I believe in the euangelion (the good news of the Kingdom of God) and I call myself an evangelical. Yet, for all my adult life I have felt more than a little embarrassed by the term. This is especially true in January 2021 when I see many evangelicals in the US still unswervingly supporting Donald Trump, a man of whom traits such as mysoginism, race-baiting and persistent lying come to mind.
Notwithstanding, Trump claims to have done more for evangelical Christians than any other President. Supposing that was true (I think history may well show otherwise), is it ever right that as Christians we should seek to put our own interests first? Is that really the heart of the gospel?
Surely the euangelion has, at heart, a call to sacrifice, to live for others and to live present day lives that point forward to the reality of the final day. Seeking to be a people of integrity, humility, mercy, peace and justice (Matthew 5:7-10).
In the Old Testament we repeatedly see the children of Israel relying upon political leaders rather than God. Israel was warned again and again not to seek a King as the solution to their troubles yet the people trusted more in a fallible human leader to defend their rights and faith than in the God who had promised his eternal protection. Familiar?
The Republican party has been so shaped by the will of Donald Trump that his son, Donald Trump Jr. claimed on the 6th January that ‘this isn’t their Republican party anymore, this is Donald Trump’s Republican party…’
Have Republicans and their evangelical base ‘sold their soul’ in a Faustian bargain that is both debilitating for the US and for the future of evangelicalism? Is this perhaps as much a commentary on the state of North American politics and the US brand of evangelical Christianity as it is on Trump himself? Could it be that rather than seeing politics from a national perspective, many have instead viewed it from a tribal/identity politics viewpoint – seeking to promote their interests and rights with a powerful leader for protection? If so, would that not be more about fear than faith?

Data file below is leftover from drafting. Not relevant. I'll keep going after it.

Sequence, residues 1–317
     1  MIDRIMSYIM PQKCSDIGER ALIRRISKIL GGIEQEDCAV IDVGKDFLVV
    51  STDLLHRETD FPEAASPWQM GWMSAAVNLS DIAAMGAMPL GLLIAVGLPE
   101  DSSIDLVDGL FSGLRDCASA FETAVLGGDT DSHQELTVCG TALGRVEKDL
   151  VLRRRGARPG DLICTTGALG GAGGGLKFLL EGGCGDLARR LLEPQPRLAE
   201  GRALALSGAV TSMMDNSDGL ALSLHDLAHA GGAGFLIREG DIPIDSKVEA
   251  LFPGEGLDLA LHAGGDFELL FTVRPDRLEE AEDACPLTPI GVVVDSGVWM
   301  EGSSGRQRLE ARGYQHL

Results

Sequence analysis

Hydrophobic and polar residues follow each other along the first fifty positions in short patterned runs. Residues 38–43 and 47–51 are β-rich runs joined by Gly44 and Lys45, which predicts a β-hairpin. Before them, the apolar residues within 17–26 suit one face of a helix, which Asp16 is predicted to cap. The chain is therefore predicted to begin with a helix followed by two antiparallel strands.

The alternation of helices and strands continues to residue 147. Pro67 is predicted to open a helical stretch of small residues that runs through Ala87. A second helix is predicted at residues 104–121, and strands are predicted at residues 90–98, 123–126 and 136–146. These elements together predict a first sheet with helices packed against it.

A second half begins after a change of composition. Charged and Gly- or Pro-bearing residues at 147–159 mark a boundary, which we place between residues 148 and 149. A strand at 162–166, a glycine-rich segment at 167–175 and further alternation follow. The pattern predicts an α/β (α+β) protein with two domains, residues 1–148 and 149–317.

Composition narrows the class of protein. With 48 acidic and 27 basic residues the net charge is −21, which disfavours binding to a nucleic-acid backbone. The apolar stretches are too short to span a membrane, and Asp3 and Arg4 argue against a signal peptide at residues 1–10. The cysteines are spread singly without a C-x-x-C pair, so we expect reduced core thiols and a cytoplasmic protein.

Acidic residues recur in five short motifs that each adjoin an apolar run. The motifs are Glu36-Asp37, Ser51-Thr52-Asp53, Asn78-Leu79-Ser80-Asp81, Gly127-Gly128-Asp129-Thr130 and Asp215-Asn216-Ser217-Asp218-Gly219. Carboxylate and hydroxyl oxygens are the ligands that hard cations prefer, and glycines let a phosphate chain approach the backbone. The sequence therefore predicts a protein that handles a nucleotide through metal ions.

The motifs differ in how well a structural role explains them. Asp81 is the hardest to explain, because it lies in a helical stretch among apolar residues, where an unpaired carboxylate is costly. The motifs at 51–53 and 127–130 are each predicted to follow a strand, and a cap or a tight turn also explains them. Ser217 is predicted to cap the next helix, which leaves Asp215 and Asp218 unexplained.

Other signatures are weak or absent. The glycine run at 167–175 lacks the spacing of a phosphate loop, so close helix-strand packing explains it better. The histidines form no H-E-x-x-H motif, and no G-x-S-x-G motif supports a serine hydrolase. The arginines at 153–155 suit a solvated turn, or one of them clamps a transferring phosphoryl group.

Many have stayed silent too long, but at last some evangelical leaders are speaking out and denouncing the words and actions of the 45th President. It is critical that many more do so urgently. If evangelicals do not oppose Trump’s disturbing attitudes and behaviours then there is a danger that they will themselves come to own those attributes and their witness will be sorely tarnished.
Trump speaks of the healing of the nation but healing, when there is still such sharp division, cannot simply mean ‘moving on’. It requires people across the political spectrum to prioritise truth-seeking over sound bites and facts above blind faith.
I’d like to think that the Church could help lead the way but does she have the courage to do so? Will those who have remained silent dare speak out? Could those who have found themselves complicit have the grace to respond in the same manner as King David when confronted by the prophet Nathan? A response of self-abnegation, humility and repentance is certainly necessary. Bonhoeffer notably said ‘if you board the wrong train, it’s no use running along the corridor in the opposite direction.’
My heart-felt desire is that the church in the US will have the courage to reject an ‘America first’ agenda and instead advocate for policies that promote human flourishing across the breadth of humanity. What, I wonder would it take to come together across the political spectrum and seek common ground? Whilst it is right that defending the sanctity of human life and religious freedom are of great importance, surely an opposition to economic injustice, racism (including white supremacy) and misogyny together with a welcome for the stranger and care for God’s creation are of equally significant biblical value?